One of China’s largest videogame companies is investing $250 million with one of Hollywood’s biggest studios to help launch its global film business.
Perfect World Pictures has signed a deal with Comcast Corp.’s Universal Pictures to cover 25% of the production budgets of most movies made by the studio over the next five years.
The agreement begins with this year’s Universal releases, the first of which was buddy comedy “Ride Along 2.”
Perfect World Pictures is in the process of merging with its former corporate sibling, mobile and online gaming company Perfect World, so that both can be listed on the Shenzhen stock exchange.
The Chinese company is investing $250 million for equity in the deal and expects to raise about $200 million in debt, said its president, Rong Chen.
So-called slate deals, in which an outside company covers a portion of the budgets of most or all films at a studio, are commonly used in Hollywood as a way to reduce risk and help even out results in the unpredictable movie business.
It is a new trend, however, for Chinese companies to be a source of capital. Lions Gate Entertainment Corp. last year signed a similar deal with Hunan TV & Broadcast Intermediary Co. to co-finance many of its movies.
Dalian Wanda Group Co. recently agreed to spend $3.5 billion to fully acquire Legendary Entertainment, an independent movie company that also has a partnership with Universal.
Perfect World Pictures sees the Universal deal largely as a means to an end. Eighty percent of its revenue currently comes from TV, and the company is aiming to expand its movie business by focusing on the global market, said Mr. Chen.
“Working with a company like Universal will help us elevate our skill set in moviemaking, marketing, distribution and on the financial side,” Mr. Chen said in an interview.
The Chinese company is putting together a team of employees in Los Angeles who will consult with Universal and, by later this year, start developing their own slate of movies. Perfect World plans to invest in English-language films aimed at global release, though its knowledge of the Chinese market could give it an advantage in producing pictures that will be successful there.
Mr. Chen said Perfect World will eventually look to make movies based on the company’s mobile games, and vice versa, as well as work with Universal’s theme parks division to expand into that business. He also said he is open to pursuing deals with other American movie companies.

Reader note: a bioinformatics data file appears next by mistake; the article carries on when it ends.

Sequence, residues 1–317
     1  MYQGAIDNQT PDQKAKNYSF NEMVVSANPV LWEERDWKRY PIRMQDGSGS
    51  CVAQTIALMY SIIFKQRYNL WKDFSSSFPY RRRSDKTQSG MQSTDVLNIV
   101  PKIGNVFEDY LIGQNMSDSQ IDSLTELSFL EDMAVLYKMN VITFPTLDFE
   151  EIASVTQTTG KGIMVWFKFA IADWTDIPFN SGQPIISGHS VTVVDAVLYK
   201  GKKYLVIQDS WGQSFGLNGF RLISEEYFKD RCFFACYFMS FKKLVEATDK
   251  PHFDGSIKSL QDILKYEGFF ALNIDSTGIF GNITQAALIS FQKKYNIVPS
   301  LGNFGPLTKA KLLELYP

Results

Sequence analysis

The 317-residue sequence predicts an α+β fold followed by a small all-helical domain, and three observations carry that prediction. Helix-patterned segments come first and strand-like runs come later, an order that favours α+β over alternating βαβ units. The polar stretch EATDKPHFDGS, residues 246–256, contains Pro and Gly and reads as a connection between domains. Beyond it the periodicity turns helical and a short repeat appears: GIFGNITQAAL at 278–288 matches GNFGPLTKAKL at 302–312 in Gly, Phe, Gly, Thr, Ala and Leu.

Universal hopes the partnership will help it to expand its business in China, said the studio’s president, Jimmy Horowitz.
China’s box office receipts grew 49% last year to $6.78 billion and will likely surpass those of the U.S. to become No. 1 in the world within a few years. Local companies are looking to take a bigger share of that business—a priority for the government—but due to a lack of experience, many are seeking partnerships in Hollywood to upgrade their skills.
Although Legendary Pictures co-finances a few movies at Universal each year that it selects, the studio has been without a slate partner to invest in most of its films since 2012. In cases where Legendary or another company invests in a Universal movie, Perfect World will cover 25% of the studio’s portion of the budget only.
Universal is coming off the strongest year in industry history, having grossed a total of $6.9 billion globally thanks to such blockbuster hits as “Jurassic World,” “Furious 7” and “Minions.” The next few years should be more challenging, though the studio now enjoys the benefit of more strong franchises in its arsenal.
The Perfect World partnership excludes animated movies from Universal’s Illumination Entertainment unit—responsible for the “Despicable Me” films among others—and very low budget movies. It also doesn't guarantee Perfect World a stake in future “Fast and Furious” sequels.
Source : wsj.com